Somewhere between the spot Peggy Hettrick was abducted and the Fort Collins, Colorado field where her partially clad body was dumped, her killer would have shed pieces of himself, mothlike. As he pulled her through the grass that dark morning on Feb. 11, 1987, his skin cells could have sloughed off onto her black coat. A strand of his hair could have hooked onto her shoes. A sneeze could have dampened her blouse. This is the law of forensic science: When two people come into contact, they leave cells on each other. But in the Hettrick murder case, authorities strayed from this law by losing some of these biological relics and destroying evidence linked to a prominent doctor they never investigated for the crime. In doing so, they may have covered the killer's genetic tracks.  This happened in Fort Collins, where a detective clung to his belief that a 15-year-old boy committed the crime, despite no physical evidence. In a county where prosecutors opposed saving DNA, let alone testing it. In a state where the law doesn't create a duty to preserve forensic evidence.  The result:  An innocent man, Tim Masters, goes to prison for life, and the real killer moves on.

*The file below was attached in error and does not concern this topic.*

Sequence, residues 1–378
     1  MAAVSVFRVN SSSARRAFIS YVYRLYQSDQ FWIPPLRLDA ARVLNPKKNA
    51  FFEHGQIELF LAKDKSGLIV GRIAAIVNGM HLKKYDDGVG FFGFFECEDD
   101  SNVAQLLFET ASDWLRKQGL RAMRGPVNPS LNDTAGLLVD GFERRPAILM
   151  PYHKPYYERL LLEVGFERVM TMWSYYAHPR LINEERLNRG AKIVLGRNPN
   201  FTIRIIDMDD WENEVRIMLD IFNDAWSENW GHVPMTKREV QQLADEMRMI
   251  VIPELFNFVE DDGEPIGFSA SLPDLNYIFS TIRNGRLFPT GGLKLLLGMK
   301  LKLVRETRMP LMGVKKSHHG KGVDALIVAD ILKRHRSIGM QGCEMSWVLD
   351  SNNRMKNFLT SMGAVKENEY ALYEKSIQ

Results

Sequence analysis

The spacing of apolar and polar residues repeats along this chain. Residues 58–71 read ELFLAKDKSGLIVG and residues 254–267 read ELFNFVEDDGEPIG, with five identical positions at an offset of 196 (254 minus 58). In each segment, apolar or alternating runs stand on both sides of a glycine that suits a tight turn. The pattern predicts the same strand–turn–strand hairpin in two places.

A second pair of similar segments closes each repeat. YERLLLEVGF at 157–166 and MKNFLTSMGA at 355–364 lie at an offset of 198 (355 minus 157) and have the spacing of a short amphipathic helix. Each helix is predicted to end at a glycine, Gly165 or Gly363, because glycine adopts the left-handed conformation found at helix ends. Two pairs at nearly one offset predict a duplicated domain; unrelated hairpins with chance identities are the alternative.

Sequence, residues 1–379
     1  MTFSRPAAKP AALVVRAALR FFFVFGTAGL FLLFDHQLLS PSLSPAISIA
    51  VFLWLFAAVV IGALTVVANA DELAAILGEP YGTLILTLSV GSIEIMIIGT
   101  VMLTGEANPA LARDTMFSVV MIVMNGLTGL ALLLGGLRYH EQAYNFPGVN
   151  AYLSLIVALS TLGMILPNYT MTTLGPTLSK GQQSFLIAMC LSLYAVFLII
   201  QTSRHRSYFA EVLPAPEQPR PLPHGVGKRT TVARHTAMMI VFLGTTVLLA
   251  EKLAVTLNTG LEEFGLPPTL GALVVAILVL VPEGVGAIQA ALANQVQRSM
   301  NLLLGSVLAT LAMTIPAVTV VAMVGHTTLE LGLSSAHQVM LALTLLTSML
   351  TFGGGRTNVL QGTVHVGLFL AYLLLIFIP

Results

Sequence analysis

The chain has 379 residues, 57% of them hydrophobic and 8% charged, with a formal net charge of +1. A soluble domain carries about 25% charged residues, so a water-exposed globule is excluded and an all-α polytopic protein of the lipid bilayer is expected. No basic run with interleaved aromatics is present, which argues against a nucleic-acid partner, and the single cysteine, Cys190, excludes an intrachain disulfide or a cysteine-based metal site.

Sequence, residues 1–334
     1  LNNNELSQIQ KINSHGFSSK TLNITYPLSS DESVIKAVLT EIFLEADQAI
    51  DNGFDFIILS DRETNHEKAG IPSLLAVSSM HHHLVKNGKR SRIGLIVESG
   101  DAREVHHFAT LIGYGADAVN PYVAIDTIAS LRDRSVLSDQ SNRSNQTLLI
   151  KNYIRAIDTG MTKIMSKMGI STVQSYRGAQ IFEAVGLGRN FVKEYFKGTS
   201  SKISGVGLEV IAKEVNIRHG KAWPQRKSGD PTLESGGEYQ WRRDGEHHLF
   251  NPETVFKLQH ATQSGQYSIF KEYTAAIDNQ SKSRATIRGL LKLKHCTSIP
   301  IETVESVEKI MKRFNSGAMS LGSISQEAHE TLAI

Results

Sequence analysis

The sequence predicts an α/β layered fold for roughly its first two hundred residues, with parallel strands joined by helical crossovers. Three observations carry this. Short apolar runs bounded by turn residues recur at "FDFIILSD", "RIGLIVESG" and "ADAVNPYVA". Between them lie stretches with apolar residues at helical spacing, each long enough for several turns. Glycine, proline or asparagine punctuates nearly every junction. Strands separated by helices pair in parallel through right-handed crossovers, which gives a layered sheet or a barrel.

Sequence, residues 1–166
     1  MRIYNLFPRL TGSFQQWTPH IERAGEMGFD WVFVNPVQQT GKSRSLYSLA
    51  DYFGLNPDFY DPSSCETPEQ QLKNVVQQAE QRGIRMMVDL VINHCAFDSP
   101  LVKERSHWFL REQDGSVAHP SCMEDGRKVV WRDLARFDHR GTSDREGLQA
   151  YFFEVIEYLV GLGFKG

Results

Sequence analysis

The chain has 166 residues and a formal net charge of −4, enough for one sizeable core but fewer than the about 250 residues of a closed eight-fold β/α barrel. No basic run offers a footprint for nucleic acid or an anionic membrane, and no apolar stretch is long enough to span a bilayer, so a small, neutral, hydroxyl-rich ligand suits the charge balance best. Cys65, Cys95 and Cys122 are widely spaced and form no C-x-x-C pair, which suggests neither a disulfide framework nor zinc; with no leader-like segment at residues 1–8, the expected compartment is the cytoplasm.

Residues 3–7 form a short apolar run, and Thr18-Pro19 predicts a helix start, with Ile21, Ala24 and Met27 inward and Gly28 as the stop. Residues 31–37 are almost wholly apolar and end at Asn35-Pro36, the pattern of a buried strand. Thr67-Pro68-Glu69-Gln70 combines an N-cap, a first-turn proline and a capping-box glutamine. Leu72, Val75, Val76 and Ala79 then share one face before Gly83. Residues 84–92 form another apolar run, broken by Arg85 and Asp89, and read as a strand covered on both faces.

"He" is from West Hartford, Connecticut, short, clumsy and mentally impaired, with thick glasses and hearing aids in both ears, given to telling the same stale jokes over and over. His nickname was Mr. Magoo. He once was a dishwasher. He’s now a convict serving a life term for rape and murder. "They" are people who befriended him without knowing him: advocates for the disabled, lawyers, writers, a detective, nurses, business people, psychologists, teachers, perhaps 100 in all at different times, a core group of perhaps 25. For years, many of them met every other Wednesday at the Burger King in Wethersfield, Connecticut to plot strategy.  At last, they are taking his innocence claims back to court.

UPDATE:  Judge calls LaPointe's petition a waste of time.


Perhaps only Roger Dean Gillispie knows for sure whether he kidnapped and raped three Fairborn, Ohio area women in 1988.  No physical evidence tied him to the crime.  He was convicted on the basis of eyewitness identifications made two years after the crimes occurred.  His case illustrates the tough road for inmates who insist they are innocent but cannot use DNA to prove it.